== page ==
Sound — 9
Well, Atreyu are one of those bands that have hanged a fair bit with their vocals and music. When I first listened to record, I thought of how Megadeth wanted to write a real, thrash album, similar to Rust In Peace. I truly think Atreyu have done just that, and gone back to their roots; perhaps another "Death-Grip On Yesterday" or "The Curse"? The vibe I get from this record is "We're F**ked! but we can still rock!" It's something I could see myself foolishly performing in the mirror, it's emotional, exciting, and sometimes painful (in a good way), and that's what music is meant to do; bring out feelings in people. Solos are tight, drum parts make your head bang, I even saw my Dad tapping his foot to "Ravenous"!
Lyrics — 8
Alex Varkatzas dominates his parts on vocals, and Brandon Saller always seems to clean things up beautifully, a wonderful balance. Kicking the record off with "Stop: Before It's To Late And We've Destroyed It All", confirms that Atreyu are still in good form. Dan Jacobs's lead melodies are simply gorgeous here, setting a really dark and evil mood for the rest of the record. The title track, "Congregation of the Damned" is quite simple really, telling a story about just doing what everybody else does, which leads to the human race's damnation, proving that the guys over in Atreyu know what their talking about. Before discussing "Storm to Pass", I'd like to explain that for me, singles in this genre of music are made to be mainstream, and it makes sense. Artists want to appeal to the general public, it good for record sales. Now, "Storm to Pass" is just that, it would appeal to everybody, but unlike "Ex's and Oh's" from their album "A Death-Grip On Yesterday", it fits into the album easily and doesn't seem out of place. The only thing I could possibly pick on is that sometimes that lyrics sometimes follow the lead guitar parts a bit too closely, not that it's a bad thing, but it feels 'cheesy' at times, especially on "You Were The King, And Know Your Unconscious"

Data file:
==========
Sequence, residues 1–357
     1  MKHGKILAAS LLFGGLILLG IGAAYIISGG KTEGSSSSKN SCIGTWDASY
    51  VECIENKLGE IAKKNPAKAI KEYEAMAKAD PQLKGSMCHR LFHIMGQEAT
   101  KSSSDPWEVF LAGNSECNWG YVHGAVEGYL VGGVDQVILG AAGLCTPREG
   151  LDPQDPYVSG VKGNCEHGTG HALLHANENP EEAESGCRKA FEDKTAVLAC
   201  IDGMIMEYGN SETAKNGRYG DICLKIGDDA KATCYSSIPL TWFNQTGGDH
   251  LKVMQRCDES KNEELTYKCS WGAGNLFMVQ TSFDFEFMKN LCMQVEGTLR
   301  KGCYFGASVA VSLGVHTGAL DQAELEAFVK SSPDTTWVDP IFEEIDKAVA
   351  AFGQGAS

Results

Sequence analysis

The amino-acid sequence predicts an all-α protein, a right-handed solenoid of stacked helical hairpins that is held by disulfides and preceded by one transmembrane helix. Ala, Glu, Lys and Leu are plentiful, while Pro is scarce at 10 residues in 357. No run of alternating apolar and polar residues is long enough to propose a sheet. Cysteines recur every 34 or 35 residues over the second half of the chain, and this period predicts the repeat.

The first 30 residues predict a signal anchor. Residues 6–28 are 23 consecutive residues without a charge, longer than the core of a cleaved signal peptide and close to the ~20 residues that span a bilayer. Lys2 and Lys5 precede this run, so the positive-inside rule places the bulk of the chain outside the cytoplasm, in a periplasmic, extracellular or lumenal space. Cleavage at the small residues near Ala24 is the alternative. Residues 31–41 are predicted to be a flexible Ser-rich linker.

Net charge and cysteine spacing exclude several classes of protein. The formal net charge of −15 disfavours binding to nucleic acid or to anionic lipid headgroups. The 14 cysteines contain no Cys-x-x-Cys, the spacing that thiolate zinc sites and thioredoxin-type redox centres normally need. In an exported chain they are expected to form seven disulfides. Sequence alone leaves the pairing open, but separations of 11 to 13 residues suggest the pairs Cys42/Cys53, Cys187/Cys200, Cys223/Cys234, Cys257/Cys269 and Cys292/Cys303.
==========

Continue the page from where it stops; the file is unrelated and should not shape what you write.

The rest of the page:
Overall Impression — 9
To me, "Suicide Notes and Butterfly Kisses"'s vocals were too focused on the screaming. I didn't really like it, but slowly, Atreyu found a balance between the singing and screaming, and brought in a sense of teamwork with Brandon and Alex making the record a lot tighter. This album is definitely has aspects from all their previous works, and is a pleasure not to hear a record with songs that don't sound the same. I'll definitely be taking time to listen to this a lot over the next few months and appreciate it :) If all my CD's were stolen and I could only get 25 back, this would be one of the 25.